In the 1980s he was concentrating on developing a science-compatible way of interpreting mind and matter. He first presented his ideas in a paper in the peer-reviewed journal, ZYGON, in 1994. [25] In this paper he explored evolution to help with our understanding of ourselves in the universe. Only in recent years has ‘Big History’ become an important subject taught in universities.[26] He later elaborated his ideas further in his third book, Matters of Consequence.[27]

His first book, Toward Wisdom, was published in 1993. In preparing for it, he had spent 15 years reading hundreds of books and scientific papers and practising meditation. He explained how the book came about:

The book began to take form when I started to see my quarter century of adventure, experience, and insight in the context of wisdom and the growth of wisdom. For one thing, I realized that whole-person development was one of the keys to becoming wise: development of both intellect and intuition, analysis and synthesis, left brain hemisphere and right. For another, I realized that many facets of the world problematique — biosphere degradation, resource depletion, and the continuing follies of war and terrorism — could be attributed to a serious lack of wisdom on the part of both power-wielders and ordinary folk. [28]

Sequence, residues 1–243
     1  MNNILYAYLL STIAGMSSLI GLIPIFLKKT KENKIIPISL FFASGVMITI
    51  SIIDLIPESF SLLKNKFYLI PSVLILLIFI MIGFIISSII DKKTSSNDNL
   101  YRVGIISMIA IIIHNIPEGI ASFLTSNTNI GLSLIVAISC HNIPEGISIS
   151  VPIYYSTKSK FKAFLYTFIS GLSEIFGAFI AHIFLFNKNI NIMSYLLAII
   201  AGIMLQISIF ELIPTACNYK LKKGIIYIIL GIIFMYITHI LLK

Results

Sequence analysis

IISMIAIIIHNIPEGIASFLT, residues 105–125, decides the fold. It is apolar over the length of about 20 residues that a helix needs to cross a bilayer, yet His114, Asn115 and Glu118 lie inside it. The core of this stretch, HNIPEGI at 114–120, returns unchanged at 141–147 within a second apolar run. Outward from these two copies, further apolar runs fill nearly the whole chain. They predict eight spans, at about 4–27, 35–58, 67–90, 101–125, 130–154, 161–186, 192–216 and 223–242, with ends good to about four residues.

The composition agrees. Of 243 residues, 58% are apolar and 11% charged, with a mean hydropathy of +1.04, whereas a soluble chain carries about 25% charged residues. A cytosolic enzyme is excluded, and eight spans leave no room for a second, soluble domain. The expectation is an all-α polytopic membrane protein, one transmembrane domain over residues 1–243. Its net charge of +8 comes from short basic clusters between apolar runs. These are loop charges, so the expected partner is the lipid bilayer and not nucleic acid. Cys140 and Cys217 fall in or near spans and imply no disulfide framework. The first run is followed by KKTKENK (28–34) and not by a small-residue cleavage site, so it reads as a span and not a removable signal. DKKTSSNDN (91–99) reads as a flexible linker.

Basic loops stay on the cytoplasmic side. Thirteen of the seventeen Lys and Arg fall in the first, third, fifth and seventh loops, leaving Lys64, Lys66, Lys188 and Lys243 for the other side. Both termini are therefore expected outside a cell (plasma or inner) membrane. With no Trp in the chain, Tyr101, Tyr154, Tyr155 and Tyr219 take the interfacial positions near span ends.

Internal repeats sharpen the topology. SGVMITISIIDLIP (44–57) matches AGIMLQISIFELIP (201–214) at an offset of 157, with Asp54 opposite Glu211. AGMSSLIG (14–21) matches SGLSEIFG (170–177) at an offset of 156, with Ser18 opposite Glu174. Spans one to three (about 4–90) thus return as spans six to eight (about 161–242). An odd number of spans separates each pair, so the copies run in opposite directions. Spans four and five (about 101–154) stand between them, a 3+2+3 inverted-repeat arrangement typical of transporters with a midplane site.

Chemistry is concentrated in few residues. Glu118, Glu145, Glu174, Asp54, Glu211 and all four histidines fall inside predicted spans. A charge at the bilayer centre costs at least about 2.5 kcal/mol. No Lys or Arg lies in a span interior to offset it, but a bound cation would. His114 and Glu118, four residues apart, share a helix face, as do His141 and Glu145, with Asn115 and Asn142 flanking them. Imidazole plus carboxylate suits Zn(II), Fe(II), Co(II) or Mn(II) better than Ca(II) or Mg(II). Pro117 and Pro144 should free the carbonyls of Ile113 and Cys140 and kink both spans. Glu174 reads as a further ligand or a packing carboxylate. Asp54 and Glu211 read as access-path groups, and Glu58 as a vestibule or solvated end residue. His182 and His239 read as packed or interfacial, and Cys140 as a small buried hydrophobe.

Probably the greatest legacy that Copthorne Macdonald has left us is his website, The Wisdom Page. This was established in 1995 to be “a compilation of wisdom-related resources — various on-line texts concerning wisdom, references to books about wisdom, information about organizations that promote wisdom, wise activities, and listserv groups concerned with aspects of wisdom.”[29]

Since his death in 2011 colleagues of Cop have keep this resource going as the focal point for all the contributions Cop made in his quest to share his knowledge and insights into wisdom-related issues and inspire others to follow. All his books and articles are available for download.

In 2010 Cop wrote a letter to students who had attended Professor Alan Nordstrom’s personal writing class at Rollins College in Florida. The course was based on Cop’s second book, Getting a Life.[30] This extract from his letter could be a summary his own experience in acquiring wisdom:

As some of you pointed out, you can’t expect 20-year-olds to find themselves at the far end of the wisdom spectrum. I certainly don’t expect it. As the research of University of Florida wisdom scholar Monika Ardelt has pointed out, the wisest old people tend to be those who have had major life challenges and have managed to work through or around them. Out of a challenge resolved comes a broadened view of how things work, a greater sense of personal empowerment, and increased confidence in one’s ability to face future challenges. The 20s are a time of exploration, experimentation, and perhaps at some point, commitment to a passion. Each of you shows every sign that you will be living this time intensely. And to the extent that you live it attentively, in the learning mode, you will grow in wisdom, challenge by challenge.[31]